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New Mideast Turns Away From Terrorist -

New Mideast Turns Away From Terrorist - | The Unpopular Opinion |
"...For many in the Middle East, the kind of violent jihad pursued by Mr. bin Laden had become increasingly unacceptable, with growing public disgust for suicide bombings and civilian targets, and the success of nonviolent rebellions that led to the ousters of authoritarian leaders in Egypt and Tunisia...

"...Mr. bin Laden's loyalists found a fertile recruiting ground across much of the Middle East. They argued that an ideal world of justice and righteousness was being perverted by authoritarian governments in the Mideast—and infidel governments in the West—interested only in their own selfish policies instead of the public good...

A Saudi official said he hoped that "elimination of al-Qaeda leader is a step towards combating terrorism, dismantling its cells, and destroying the deviant ideology and those who support it." Many other Arab governments did not publish officials statements, but some officials said privately that they celebrated Mr. bin Laden's demise.

Response was mixed in the Arab world, where Mr. bin Laden was alternately praised as a folk hero for standing up to an unpopular U.S. superpower and a scourge for bringing the wrath of a vengeful West to Muslims across the world...

...The Muslim Brotherhood, Egypt's most powerful Islamist political group, condemned what it called the assassination of Mr. bin Laden. The group, an outlawed political and charitable organization before mass demonstrations removed Egypt's former regime from power in February, said Muslims everywhere have "suffered" from a perceived association between Islam and terrorism.

...The Palestinian group Hamas, which has run the Gaza Strip since 2007, gave one of the sharpest responses to Mr. bin Laden's killing. Ismail Haniyeh, prime minister in the Hamas government, said the killing "continues an American policy that is based on the bloody oppression of Arabs and Muslims," according to a statement...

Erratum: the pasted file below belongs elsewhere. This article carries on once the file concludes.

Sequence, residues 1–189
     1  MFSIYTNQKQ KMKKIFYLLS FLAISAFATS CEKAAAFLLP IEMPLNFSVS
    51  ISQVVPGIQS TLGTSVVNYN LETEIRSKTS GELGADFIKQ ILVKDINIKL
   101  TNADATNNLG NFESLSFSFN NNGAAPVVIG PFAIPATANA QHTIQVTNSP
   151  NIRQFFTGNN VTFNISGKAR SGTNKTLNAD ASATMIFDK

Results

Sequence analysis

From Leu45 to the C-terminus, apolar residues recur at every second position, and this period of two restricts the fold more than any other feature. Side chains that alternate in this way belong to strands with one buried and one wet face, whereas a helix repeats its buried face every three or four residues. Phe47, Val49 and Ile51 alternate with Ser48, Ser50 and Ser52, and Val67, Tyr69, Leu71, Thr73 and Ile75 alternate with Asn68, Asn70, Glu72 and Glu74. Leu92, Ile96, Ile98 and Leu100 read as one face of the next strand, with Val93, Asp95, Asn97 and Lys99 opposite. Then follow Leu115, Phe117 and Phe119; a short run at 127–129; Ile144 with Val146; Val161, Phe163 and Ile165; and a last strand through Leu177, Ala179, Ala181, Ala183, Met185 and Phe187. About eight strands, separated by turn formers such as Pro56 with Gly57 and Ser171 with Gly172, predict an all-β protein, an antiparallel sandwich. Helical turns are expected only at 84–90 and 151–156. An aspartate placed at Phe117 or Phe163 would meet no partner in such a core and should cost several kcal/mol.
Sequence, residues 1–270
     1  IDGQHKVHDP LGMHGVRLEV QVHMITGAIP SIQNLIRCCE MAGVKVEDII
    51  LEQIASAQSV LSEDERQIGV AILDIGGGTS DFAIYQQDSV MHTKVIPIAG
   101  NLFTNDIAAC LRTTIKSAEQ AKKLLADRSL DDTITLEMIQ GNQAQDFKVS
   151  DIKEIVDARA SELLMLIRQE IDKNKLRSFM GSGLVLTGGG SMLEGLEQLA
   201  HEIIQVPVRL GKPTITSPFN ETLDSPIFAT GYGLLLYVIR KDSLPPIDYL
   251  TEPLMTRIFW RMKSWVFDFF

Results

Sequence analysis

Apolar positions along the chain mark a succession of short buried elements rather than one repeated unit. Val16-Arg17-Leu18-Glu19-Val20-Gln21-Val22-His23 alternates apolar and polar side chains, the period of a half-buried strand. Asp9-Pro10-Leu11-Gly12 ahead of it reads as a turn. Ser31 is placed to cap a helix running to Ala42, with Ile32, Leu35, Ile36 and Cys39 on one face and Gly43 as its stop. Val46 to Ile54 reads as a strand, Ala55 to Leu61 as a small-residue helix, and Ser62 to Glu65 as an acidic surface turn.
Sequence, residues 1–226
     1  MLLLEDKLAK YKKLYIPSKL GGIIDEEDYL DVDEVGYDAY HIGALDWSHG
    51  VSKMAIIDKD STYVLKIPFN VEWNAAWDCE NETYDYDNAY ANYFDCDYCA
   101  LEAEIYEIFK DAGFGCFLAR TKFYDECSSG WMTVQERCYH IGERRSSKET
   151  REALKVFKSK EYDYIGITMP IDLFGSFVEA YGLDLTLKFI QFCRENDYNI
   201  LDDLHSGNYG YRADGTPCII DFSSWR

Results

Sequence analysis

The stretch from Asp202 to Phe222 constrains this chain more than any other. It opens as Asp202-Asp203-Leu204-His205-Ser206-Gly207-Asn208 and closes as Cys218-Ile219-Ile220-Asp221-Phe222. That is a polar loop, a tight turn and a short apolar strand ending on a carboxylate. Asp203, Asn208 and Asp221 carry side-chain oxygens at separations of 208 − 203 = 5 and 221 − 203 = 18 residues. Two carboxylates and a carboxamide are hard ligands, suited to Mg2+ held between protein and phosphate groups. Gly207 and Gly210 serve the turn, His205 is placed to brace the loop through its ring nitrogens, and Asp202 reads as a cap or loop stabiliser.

...The response surprised some Palestinian analysts. Hamas has long sought to distance itself from al Qaeda, seeking to gain acceptance as a resistance movement against Israel, rather than an international terrorist organization. Hamas is designated as a terrorist organization by the Israel, the U.S. and the European Union."

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The mythos of Obama and Osama - Opinion - Al Jazeera English

The mythos of Obama and Osama - Opinion - Al Jazeera English | The Unpopular Opinion |
Thank you, Cindy Sullivan, for referring this excellent article. Here's an excerpt:

"Obama and Osama. Two names that will henceforth be coupled.

The hunter, Obama, is leader of the most powerful and feared nation on earth.

Osama, the hunted, was leader of a borderless state – a non-state actor – and probably the most feared religio-political association of the modern world since the rise of the Ismaili Hashashin assassins between the 11th and 13th centuries.

Obama and Osama may rhyme, but that is not their only correlation.

The Pygmalion syndrome

A Pygmalion resides in both of them. They are, to an extent, sculptors.

In turn, these two sculptors, Obama and Osama, are examples of how extraordinary men – when struck by the power of ideas, ideals and dreams, regardless of the cause – go on about sculpting their Galateas – their statues, dummies or puppets.

Each is in love with a statuesque vision, a set of ideals or dreams that they have sought to breathe life into.

Otherwise, how can one explain why a man who could have nymphs, Bentleys, yachts, and everything money can buy opts for the "illusionary" - to paraphrase Marx - rewards of the hereafter?

Osama could have opted for Al-Walid bin Talal's lifestyle. This is where he puzzles. It has to be the power of faith.

Not unlike Osama in complexion and "otherness", Obama dazzles. A hyphenated US citizen par excellence rises to occupy the Whitehouse.

Neither his colour nor his paternal roots, nor possibly the suppressed Islamic identity, have stopped him from mastering the art of political sculpture of self and public."
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"500 Taliban Prisoners Just Escaped Through a Long Underground Tunnel—Built Using No Heavy Machinery" via @Gizmodo

"500 Taliban Prisoners Just Escaped Through a Long Underground Tunnel—Built Using No Heavy Machinery" via @Gizmodo | The Unpopular Opinion |
"In their biggest prison break since 2008, nearly 500 Afghani detainees (mostly Taliban members) escaped from the Sarposa Prison through an underground tunnel, dug from the outside. Now the U.S. military is searching high and low, hoping to corral the escapees back in. The crazy thing is that they built this long tunnel using nothing but basic tools—no machinery.
UPDATE: Two of the imprisoned Taliban members reveal all about their escape through the underground tunnel.

According to Al Jazeera, Taliban spokesperson Zabiullah Mujahid said that a group on the outside spent five months digging a 320 meter tunnel that circumvented numerous security checkpoints (the length of the tunnel varies between 320 and 360 meters in different reports). "
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Quote of the Day: legislative director of Indiana Right to Life

Quote of the Day: legislative director of Indiana Right to Life | The Unpopular Opinion |
"This is a really exciting day for unborn Hoosier children."

- SUE SWAYZE, legislative director of Indiana Right to Life, on a bill that passed the state house, which would cut off funding to Planned Parenthood; Gov. Mitch Daniels said he is unsure whether he'll sign it into law.